Coming of Age in the Milky Way (William Morrow & Co.,1988)
The Practice of Journalism, with Bruce Porter (Prentice-Hall, 1988)
SpaceShots (Pantheon Books, 1984)
Galaxies (Sierra Club Books, 1980)
Murmurs of Earth: The Voyager Interstellar Record, with Carl Sagan, Frank Drake, Ann Druyan, Jon Lomberg and Linda Salzman Sagan (Random House, 1978)
The Red Limit: The Search for the Edge of the Universe (William Morrow & Co., 1977)
A Life Beyond Earth, PBS television special, Narrator and co-writer, World Premier November 10, 1999
The Creation of the Universe, television science special, author and narrator, U.S. premier, PBS Network, November 20, 1985.
Voyager phonograph record, archive of Earth's music carried aboard the Voyager interstellar spacecraft, producer. Launched from Kennedy Space Center 1977. Released in CD-ROM format, Warner New Media, 1992.
Spring 2001: Professor Arlie Hochschild, Sociology and Adam Hochschild, Lecturer, Graduate School of Journalism
Arlie Hochschild Selected Bibliography
The Time Bind: When Work Becomes Home and Home Becomes Work (Metropolitan/Holt, 1997)
The Second Shift; Working Parents and the Revolution at Home, with Anne Machung (Viking Penguin, 1989)
The Managed Heart: The Commericalization of Human Feeling (University of California Press, 1983)
The Unexpected Community (Prentice Hall, 1973; University of California Press, 1979)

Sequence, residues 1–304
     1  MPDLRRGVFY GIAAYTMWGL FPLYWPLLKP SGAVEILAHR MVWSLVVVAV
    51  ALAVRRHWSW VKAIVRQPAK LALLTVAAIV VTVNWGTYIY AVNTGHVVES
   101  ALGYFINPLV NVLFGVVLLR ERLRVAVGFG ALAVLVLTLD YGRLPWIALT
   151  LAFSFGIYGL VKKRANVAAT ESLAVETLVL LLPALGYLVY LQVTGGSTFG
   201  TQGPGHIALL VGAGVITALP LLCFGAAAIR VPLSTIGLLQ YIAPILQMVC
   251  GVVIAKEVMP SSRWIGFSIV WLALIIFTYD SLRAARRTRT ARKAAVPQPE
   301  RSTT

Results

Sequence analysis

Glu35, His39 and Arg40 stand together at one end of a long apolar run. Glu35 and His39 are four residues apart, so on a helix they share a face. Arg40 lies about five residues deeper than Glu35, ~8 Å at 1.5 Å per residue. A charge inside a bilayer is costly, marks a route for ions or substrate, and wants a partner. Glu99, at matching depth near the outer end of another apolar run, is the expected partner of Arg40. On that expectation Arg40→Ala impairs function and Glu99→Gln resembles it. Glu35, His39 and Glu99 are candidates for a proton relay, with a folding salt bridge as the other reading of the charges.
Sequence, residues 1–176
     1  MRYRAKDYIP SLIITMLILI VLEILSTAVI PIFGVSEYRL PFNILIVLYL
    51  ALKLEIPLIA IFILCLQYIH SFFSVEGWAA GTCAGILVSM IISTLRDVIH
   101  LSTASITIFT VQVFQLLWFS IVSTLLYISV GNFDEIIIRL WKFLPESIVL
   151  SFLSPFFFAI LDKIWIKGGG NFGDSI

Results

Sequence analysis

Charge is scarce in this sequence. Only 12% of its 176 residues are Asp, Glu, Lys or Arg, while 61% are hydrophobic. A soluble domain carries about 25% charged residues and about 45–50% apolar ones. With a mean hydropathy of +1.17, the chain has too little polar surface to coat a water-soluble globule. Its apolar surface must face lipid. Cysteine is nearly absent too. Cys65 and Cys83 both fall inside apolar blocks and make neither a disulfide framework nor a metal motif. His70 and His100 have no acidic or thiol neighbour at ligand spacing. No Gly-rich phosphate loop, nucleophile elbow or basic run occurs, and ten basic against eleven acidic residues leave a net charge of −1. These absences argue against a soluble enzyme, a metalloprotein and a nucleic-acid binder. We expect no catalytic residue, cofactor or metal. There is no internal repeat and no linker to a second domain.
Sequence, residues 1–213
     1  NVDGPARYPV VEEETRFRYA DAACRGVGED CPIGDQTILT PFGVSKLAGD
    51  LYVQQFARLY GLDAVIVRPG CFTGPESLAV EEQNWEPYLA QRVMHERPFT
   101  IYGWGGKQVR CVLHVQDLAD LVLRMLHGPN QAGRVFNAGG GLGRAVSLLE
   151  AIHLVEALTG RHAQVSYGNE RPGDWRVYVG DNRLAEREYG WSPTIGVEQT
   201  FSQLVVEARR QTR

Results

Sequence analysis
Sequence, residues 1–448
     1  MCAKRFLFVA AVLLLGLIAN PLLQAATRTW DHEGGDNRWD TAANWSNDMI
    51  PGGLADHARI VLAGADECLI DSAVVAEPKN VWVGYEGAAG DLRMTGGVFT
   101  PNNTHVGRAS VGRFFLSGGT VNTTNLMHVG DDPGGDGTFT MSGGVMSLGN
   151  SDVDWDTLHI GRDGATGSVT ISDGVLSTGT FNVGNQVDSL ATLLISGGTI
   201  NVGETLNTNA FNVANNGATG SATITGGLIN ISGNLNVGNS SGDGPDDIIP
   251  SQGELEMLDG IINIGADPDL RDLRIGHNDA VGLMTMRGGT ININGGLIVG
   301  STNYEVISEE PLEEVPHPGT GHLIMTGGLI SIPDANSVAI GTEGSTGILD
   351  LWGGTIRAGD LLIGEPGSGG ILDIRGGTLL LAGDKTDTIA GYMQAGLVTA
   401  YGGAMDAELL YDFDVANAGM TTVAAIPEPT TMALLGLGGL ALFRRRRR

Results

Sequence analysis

Coleen the Question Girl (Feminist Press, 1974)
Adam Hochschild Selected Bibliography
King Leopold’s Ghost: A Story of Greed, Terror and Heroism in Colonial Africa (Houghton Mifflin, 1998)
Finding the Trapdoor: Essays, Portraits, Travels (Syracuse University Press, 1997)
The Unquiet Ghost: Russians Remember Stalin (Viking Penguin, 1994)
The Mirror at Midnight: A South African Journey (Viking Penguin, 1990)
Half the Way Home: A Memoir of Father and Son (Viking Penguin, 1986)
One thing I always tell my students at the journalism school is I think there is just as much, if not more, to be learned about good storytelling by reading short stories and novels and putting the techniques used there to work in telling nonfiction stories. There are certain disciplines, history is one, I think, where the art of storytelling is sometimes not completely lost.
But you know, about storytelling, I think most people have some storytelling instinct that's born in all of us. It tends to get bred out of you by the academic world and having to write for a particular form, the forms of academic journals or whatever. People who write the most incredibly dense and turgid writing in an academic journal are nonetheless capable, when they come home in the evening, of telling a bedtime story to a child. Because that storytelling instinct is in all of us somewhere. The thing is just to get rid of all those layers that tell you that you can't write the way you talk.